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Virginia’s Highway System Slips From 2nd Place to 21st in U.S.

When considering highway quality, safety and cost efficiency, a Reason Foundation report found Virginia had the 21st-best highway system in the U.S.

This year’s ranking was a substantial drop from last year’s second-place ranking.

The report, however, noted last year’s high finish may have been an aberration because Virginia ranked 27th the year before. Virginia’s ranking should not be considered bad and “many states would like to be just outside the top 20,” Baruch Feigenbaum, the lead author of Reason’s Annual Highway Report, told The Center Square.

Virginia experienced an uptick in its fatality rate, traffic congestion increased and spending also went up. Although the traffic congestion is more concentrated in metropolitan areas, such as Richmond and northern Virginia (and the commonwealth ranked sixth-worst in urbanized area congestion), the commonwealth also had a worse traffic congestion problem in rural areas than most states.

Feigenbaum said Virginia may not be prioritizing traffic congestion as much as it should be when crafting highway policy. Although there are some plans to expand access to public transportation, particularly in northern Virginia, Feigenbaum said such initiatives are not effective in reducing traffic congestion.

Emily Wade, the assistant director of communications at the Virginia Department of Transportation, told The Center Square the department’s mission is to provide a system that is safe, enables easy movement of people and goods, enhances the economy and improves quality of life. She said it continues to optimize its investments and the timing of funds to extend the life of its inventory while achieving optimal life-cycle costs.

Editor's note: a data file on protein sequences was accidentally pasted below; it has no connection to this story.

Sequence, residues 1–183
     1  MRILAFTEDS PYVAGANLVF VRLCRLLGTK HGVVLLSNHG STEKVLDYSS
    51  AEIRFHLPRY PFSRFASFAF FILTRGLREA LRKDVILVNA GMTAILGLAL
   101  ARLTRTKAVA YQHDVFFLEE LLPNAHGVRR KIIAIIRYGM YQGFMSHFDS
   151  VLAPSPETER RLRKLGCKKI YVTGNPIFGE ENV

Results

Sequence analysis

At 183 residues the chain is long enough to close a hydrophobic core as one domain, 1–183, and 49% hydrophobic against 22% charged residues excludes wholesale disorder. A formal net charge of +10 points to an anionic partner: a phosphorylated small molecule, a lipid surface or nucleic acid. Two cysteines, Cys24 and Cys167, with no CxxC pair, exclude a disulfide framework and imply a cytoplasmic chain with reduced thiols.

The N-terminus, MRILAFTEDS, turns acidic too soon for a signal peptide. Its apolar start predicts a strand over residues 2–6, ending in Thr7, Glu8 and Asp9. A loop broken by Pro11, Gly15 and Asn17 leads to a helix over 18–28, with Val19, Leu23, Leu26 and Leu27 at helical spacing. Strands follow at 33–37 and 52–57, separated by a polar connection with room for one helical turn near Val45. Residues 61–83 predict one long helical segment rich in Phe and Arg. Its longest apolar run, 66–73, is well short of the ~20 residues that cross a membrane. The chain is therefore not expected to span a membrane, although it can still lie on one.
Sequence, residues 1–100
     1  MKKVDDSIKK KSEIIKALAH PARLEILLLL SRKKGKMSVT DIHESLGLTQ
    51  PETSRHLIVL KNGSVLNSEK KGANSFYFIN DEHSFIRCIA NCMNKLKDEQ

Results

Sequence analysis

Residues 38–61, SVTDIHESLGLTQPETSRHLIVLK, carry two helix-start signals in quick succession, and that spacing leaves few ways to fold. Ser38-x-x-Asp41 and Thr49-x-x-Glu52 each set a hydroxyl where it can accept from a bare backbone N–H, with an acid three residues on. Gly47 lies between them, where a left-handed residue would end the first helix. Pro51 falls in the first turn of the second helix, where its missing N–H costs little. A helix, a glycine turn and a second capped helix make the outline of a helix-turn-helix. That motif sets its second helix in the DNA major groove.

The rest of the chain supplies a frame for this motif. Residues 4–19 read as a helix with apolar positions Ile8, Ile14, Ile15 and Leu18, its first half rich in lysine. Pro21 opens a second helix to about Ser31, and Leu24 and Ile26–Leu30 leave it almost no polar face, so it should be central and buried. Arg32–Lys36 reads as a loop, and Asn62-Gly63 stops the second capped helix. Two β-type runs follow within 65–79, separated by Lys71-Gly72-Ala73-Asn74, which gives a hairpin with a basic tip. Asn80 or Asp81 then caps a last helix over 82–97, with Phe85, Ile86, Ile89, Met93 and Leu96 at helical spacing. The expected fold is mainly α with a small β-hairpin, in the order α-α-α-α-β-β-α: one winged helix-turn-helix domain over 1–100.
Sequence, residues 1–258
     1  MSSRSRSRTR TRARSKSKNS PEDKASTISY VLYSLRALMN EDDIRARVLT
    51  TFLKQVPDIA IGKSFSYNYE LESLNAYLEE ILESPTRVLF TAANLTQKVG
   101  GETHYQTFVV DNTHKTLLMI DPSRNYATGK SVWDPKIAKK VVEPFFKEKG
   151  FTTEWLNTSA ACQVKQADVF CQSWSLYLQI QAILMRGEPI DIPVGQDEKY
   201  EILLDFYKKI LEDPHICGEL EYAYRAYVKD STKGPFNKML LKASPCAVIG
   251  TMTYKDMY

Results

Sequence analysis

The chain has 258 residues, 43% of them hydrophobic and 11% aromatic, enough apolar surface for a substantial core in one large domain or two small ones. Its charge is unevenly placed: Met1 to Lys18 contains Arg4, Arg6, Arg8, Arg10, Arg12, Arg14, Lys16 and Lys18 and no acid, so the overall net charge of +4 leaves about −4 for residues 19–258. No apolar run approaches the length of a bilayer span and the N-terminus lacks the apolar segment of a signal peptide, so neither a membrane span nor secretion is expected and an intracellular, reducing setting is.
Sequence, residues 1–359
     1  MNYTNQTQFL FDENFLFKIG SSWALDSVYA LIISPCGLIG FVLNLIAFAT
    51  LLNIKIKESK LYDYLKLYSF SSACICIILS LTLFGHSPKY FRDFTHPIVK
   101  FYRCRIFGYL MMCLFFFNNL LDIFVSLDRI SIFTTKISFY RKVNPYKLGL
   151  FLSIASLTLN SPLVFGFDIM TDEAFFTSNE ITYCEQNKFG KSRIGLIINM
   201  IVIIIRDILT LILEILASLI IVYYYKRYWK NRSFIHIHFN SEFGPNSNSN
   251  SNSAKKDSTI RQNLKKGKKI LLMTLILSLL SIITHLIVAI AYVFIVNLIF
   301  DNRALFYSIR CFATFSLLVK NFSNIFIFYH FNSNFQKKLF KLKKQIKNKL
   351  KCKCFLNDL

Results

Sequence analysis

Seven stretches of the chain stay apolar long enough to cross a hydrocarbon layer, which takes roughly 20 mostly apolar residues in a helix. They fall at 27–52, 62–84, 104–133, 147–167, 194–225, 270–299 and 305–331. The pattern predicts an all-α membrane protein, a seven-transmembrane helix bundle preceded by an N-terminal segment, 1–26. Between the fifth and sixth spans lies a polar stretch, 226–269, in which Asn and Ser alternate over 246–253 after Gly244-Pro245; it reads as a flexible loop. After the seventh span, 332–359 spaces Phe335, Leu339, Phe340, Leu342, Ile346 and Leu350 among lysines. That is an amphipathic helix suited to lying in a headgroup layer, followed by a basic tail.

“Since 2018, VDOT has prioritized assessing regional networks to ensure major impacts are alleviated through infrastructure and solution investments,” Wade said. “This regional strategy looks at congestion, performance, safety improvements and overarching effectiveness for benefits to the overall multimodal transportation network. Using Virginia’s Smart Scale multimodal prioritization process, new capital investments are targeted to those areas with the greatest benefit. Major improvements are underway on all key Virginia interstate corridors including, I-95, I-81, I-66 and I-64. Additionally, Virginia is aggressively focusing on operational improvements and system-wide operating techniques to minimize delay.”

Virginia performed better than its two northern neighbors: West Virginia, which ranked 33rd, and Maryland, which ranked 41st. However, it underperformed compared with other neighbors: Kentucky ranked fourth, Tennessee ranked seventh and North Carolina ranked 14th.

The best-performing state was North Dakota, and the worst-performing state was New Jersey.

Tyler Arnold – The Center Square

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